We've published a new report. Read takeaways from our latest Active/Passive Barometer.
The Morningstar Active/Passive Barometer is a semiannual report that measures the performance of U.S. active managers against their passive peers within their respective categories. The barometer is unique in the way it measures active managers’ success relative to the actual, net-of-fee performance of passive funds rather than an index, which isn’t investable.
We measure actively managed funds’ success relative to investable passive alternatives in the same category. For example, an active manager in the U.S. large-blend category is measured against a composite of the performance of its index mutual fund and exchange-traded fund peers Vanguard Total Stock Market Index ( VTSMX), SPDR S&P 500 ETF ( SPY), and so on. Specifically, we calculate the equal- and asset-weighted performance of the cohort of index-tracking (“passive”) options in each category that we examine, and we use that figure as the hurdle that defines success or failure for the active funds in the same category.
4 takeaways about active vs. passive fund management from our year-end 2017 report
- U.S. stock-pickers’ success rate increased sharply in 2017, as 43% of active managers categorized in one of the nine segments of the Morningstar Style Box TM both survived and outperformed their average passive peer. In 2016, just 26% of active managers achieved this feat.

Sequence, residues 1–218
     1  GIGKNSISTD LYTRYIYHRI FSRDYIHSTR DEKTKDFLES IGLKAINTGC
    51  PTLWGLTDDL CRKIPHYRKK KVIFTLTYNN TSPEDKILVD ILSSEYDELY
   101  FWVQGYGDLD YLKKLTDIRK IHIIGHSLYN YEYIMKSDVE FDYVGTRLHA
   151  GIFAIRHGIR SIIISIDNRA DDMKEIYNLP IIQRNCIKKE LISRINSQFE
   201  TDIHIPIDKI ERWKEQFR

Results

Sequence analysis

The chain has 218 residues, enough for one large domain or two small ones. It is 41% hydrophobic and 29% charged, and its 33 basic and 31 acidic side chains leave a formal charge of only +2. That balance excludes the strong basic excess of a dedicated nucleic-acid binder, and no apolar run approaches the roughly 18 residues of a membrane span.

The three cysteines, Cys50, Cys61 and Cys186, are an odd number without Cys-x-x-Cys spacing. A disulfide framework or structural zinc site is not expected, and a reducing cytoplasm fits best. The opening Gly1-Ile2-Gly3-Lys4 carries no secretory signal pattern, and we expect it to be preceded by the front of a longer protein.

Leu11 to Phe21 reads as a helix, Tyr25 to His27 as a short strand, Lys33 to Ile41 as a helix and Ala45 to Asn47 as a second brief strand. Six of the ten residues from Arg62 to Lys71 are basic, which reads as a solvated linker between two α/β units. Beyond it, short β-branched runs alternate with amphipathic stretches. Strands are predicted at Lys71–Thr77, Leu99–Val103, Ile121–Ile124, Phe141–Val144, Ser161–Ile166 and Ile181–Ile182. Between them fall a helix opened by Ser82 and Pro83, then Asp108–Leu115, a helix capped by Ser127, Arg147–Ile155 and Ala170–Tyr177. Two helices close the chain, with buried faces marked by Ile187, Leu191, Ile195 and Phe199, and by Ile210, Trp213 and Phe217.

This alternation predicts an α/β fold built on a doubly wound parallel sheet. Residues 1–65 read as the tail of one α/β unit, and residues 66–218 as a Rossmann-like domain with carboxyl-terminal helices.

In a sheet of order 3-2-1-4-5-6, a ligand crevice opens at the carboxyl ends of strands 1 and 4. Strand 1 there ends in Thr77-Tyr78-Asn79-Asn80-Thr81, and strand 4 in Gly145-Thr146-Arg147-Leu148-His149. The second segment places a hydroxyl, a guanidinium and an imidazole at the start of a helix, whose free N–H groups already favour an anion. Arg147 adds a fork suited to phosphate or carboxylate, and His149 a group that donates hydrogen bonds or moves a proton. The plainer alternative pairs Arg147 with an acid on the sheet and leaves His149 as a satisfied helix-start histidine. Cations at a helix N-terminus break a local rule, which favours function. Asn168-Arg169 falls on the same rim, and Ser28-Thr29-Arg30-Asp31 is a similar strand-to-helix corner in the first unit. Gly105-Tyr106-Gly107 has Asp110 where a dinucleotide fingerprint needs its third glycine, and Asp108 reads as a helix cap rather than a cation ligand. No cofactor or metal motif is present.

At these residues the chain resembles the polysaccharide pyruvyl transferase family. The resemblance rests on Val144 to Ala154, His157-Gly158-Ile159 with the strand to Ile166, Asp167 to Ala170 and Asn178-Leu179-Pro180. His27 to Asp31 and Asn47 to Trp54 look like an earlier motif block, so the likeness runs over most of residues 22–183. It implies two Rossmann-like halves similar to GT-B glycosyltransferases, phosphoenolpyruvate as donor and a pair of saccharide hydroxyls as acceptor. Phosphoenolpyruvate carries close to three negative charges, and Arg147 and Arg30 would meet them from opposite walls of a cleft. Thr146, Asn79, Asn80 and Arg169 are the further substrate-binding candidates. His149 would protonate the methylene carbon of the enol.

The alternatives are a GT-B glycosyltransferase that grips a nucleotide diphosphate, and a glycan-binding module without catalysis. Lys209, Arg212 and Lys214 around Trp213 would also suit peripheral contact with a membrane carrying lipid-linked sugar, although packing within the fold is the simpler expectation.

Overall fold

- The turnaround was most pronounced among small-cap managers. In 2016, the combined success rate of active managers in the small blend, small growth, and small value categories was 29%. In 2017, 48% of small-cap managers outstripped their average index-tracking counterparts.
- Value managers saw some of the most meaningful increases in their short-term success rates. Active stock-pickers in the large-, mid-, and small-cap value categories experienced year-over-year upticks in their trailing one-year success rates of 15.0, 20.2, and 34.2 percentage points, respectively.
- Active funds in the intermediate-term bond category were the only ones among the dozen categories featured here to experience a decline in their success rate in 2017. Still, 61.4% of active funds in the category survived and outperformed their average passive peers in 2017. Active managers in the category have been rewarded handsomely for assuming credit risk as both investment-grade and below-investment-grade credits have enjoyed a sustained rally. This is evident in their success rates over the trailing one-, three-, five-, and 10-year periods through the end of 2017.
Although 2017 marked a clear near-term improvement in active managers’ success rates, many of their long-term track records leave much to be desired. In general, actively managed funds have failed to survive and beat their benchmarks, especially over longer time horizons.
Read takeaways from our midyear report, which shows that success rates among active fund managers tumbled in the first half of 2018.
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